An earlier post on ‘Enhancing Values’ talked about some simple ways of enhancing the value of custom-made software. This post is also on the question of enhancing the value delivered by a software solution, with a slightly different perspective.
Projects involving development of custom-software are especially great opportunities to deliver significant and special punch for the business; something an off-the-shelf software solution often falls short trying to address the needs of the widest cross-section of customers with the commonest capabilities.
These opportunities are not readily served at the table – they need to be excavated. The efforts get handsomely rewarded when the business gains in real from exercising the punch.
Very recently there is an interesting experience of this kind illustrating the point being made.
The organization is into manufacturing or sourcing basic equipment and executing infrastructure projects using the same. It is rolling out ERP for the whole enterprise. In the pre-sales phase, the marketing function receives the requirements from the customer. It responds with a design that includes the specs of major equipments. When the customer order is received, these go as inputs to the R & D. R & D prepares the engineering drawing using a PLM solution, prepares the BOM and triggers other processes in procurement, manufacturing and contracting functions.
The PLM and the ERP are not tightly integrated. The PLM generates a BOM for a drawing. The Codes for the Items in the BOM would have to be appended manually before the completed BOM could be uploaded into the ERP.
A simple application was needed to close this process gap.
The requirements were outlines as: the BOM would be imported into the application and would be processed for all Items contained in the BOM. For each Item in the BOM, the application would search its database (the Item Master would be periodically downloaded from the ERP; a real-time interface was not envisaged) and would produce a standard Code for the Item by matching the attributes specified for the Item in the BOM against the Item Master. For example, an electric motor may have its type, horse-power, number of poles, etc. specified as attributes. These would be used to obtain a match in the Item Master and retrieve the Code for the standard Item. For sheet-metal Items, the set of attributes was different. Once all Item Codes are appended, the BOM would be exported in a suitable format. This would be uploaded into the ERP by the ERP Support Cell. The process is complete with the filled-up BOM available for all down-stream processes.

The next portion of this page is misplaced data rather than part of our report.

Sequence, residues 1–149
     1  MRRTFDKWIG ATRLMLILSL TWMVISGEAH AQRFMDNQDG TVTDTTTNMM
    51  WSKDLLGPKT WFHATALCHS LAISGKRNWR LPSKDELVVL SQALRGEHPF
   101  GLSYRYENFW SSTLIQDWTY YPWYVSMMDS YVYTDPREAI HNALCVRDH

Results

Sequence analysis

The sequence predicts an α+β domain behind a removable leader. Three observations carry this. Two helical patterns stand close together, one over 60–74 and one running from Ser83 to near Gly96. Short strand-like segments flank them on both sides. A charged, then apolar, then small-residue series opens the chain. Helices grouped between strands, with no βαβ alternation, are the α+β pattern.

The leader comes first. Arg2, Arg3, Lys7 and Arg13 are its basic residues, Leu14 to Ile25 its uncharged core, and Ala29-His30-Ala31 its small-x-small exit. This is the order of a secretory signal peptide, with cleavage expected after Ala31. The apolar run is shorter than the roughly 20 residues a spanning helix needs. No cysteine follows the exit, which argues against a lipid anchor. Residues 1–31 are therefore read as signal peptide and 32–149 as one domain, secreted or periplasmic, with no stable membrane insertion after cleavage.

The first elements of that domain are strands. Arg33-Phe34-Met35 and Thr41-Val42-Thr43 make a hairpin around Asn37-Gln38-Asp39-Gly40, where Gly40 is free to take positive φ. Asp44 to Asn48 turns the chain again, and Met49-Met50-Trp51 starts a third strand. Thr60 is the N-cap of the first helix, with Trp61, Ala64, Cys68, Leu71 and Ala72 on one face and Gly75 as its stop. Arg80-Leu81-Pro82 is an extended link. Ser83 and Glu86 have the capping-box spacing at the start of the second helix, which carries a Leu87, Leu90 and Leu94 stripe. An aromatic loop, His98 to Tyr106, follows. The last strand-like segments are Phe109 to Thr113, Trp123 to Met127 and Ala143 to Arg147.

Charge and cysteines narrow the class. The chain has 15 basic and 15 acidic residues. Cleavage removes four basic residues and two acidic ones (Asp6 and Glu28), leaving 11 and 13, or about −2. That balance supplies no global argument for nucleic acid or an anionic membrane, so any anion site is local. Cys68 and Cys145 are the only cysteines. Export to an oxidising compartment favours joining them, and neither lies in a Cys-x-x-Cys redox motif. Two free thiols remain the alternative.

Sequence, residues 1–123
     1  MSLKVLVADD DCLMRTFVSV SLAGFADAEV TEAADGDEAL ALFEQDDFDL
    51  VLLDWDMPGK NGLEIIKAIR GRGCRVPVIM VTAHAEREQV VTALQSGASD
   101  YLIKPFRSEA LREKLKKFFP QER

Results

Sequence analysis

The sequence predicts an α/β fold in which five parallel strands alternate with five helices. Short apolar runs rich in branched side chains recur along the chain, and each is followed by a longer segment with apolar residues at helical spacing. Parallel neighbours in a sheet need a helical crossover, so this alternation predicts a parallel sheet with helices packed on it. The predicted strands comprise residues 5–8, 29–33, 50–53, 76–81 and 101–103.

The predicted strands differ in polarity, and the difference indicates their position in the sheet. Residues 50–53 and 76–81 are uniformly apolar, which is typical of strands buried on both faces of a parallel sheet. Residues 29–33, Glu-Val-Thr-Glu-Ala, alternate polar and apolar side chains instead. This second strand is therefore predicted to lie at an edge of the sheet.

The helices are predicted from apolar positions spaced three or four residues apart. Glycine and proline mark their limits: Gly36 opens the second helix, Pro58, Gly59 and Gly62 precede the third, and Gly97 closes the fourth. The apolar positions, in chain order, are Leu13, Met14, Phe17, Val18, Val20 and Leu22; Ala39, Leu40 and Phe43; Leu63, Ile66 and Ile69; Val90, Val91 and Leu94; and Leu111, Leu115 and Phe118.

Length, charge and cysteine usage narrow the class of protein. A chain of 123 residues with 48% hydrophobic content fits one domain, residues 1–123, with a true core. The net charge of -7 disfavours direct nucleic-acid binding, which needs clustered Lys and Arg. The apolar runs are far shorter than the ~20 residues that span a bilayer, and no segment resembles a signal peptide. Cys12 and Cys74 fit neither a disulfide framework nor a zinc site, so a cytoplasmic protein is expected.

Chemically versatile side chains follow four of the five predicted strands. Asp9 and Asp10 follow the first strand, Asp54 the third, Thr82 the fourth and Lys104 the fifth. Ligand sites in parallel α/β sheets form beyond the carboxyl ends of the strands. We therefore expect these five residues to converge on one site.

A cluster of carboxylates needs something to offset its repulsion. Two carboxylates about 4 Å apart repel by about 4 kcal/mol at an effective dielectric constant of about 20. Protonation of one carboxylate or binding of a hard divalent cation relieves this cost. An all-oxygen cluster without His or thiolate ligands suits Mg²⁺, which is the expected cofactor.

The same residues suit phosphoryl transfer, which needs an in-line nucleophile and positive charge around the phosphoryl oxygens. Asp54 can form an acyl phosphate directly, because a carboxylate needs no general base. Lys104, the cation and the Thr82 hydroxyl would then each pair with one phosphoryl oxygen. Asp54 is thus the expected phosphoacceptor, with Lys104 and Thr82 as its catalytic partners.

Continuing with the requirements: The exception handling was a little more involved – when there was no match and the Item was new. New Item Codes are created in the ERP by a designated member in the ERP Support Cell. He sits a few tables away from the R & D section. How he creates new Item Codes is known to R & D. So the R & D takes it upon itself to design a Code for the new Item using his logic and send it to him as its recommendation along with a duly filled-in indent for creating this new Item in the ERP. In the meanwhile, assuming the new Item Code would be created in the ERP, R & D completed its BOM with standard and recommended new Item Codes and exported the BOM ready for import into the ERP.